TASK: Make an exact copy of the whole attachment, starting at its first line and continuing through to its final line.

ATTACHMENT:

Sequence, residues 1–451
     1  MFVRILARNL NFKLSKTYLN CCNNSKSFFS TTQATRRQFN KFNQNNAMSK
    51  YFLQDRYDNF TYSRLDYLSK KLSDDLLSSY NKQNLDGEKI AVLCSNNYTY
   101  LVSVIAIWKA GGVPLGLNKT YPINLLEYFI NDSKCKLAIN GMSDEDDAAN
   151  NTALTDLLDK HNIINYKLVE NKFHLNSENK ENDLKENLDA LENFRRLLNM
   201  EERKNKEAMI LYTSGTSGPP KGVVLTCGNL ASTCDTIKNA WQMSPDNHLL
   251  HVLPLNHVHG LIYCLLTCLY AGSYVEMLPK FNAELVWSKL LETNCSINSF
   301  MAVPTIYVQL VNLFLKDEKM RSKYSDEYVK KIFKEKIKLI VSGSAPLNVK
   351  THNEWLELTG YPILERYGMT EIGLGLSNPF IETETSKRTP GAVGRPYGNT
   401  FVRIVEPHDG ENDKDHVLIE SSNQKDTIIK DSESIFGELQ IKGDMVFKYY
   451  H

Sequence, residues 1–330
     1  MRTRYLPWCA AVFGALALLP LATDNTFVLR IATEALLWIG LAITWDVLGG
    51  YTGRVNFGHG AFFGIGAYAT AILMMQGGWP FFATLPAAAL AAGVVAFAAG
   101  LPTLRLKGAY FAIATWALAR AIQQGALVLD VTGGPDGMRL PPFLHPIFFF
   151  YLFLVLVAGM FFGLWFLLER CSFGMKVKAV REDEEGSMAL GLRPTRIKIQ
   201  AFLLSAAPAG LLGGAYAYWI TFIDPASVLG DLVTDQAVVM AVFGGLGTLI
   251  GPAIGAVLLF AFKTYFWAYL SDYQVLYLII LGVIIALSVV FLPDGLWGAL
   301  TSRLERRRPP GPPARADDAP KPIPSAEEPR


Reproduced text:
Sequence, residues 1–451
     1  MFVRILARNL NFKLSKTYLN CCNNSKSFFS TTQATRRQFN KFNQNNAMSK
    51  YFLQDRYDNF TYSRLDYLSK KLSDDLLSSY NKQNLDGEKI AVLCSNNYTY
   101  LVSVIAIWKA GGVPLGLNKT YPINLLEYFI NDSKCKLAIN GMSDEDDAAN
   151  NTALTDLLDK HNIINYKLVE NKFHLNSENK ENDLKENLDA LENFRRLLNM
   201  EERKNKEAMI LYTSGTSGPP KGVVLTCGNL ASTCDTIKNA WQMSPDNHLL
   251  HVLPLNHVHG LIYCLLTCLY AGSYVEMLPK FNAELVWSKL LETNCSINSF
   301  MAVPTIYVQL VNLFLKDEKM RSKYSDEYVK KIFKEKIKLI VSGSAPLNVK
   351  THNEWLELTG YPILERYGMT EIGLGLSNPF IETETSKRTP GAVGRPYGNT
   401  FVRIVEPHDG ENDKDHVLIE SSNQKDTIIK DSESIFGELQ IKGDMVFKYY
   451  H

Sequence, residues 1–330
     1  MRTRYLPWCA AVFGALALLP LATDNTFVLR IATEALLWIG LAITWDVLGG
    51  YTGRVNFGHG AFFGIGAYAT AILMMQGGWP FFATLPAAAL AAGVVAFAAG
   101  LPTLRLKGAY FAIATWALAR AIQQGALVLD VTGGPDGMRL PPFLHPIFFF
   151  YLFLVLVAGM FFGLWFLLER CSFGMKVKAV REDEEGSMAL GLRPTRIKIQ
   201  AFLLSAAPAG LLGGAYAYWI TFIDPASVLG DLVTDQAVVM AVFGGLGTLI
   251  GPAIGAVLLF AFKTYFWAYL SDYQVLYLII LGVIIALSVV FLPDGLWGAL
   301  TSRLERRRPP GPPARADDAP KPIPSAEEPR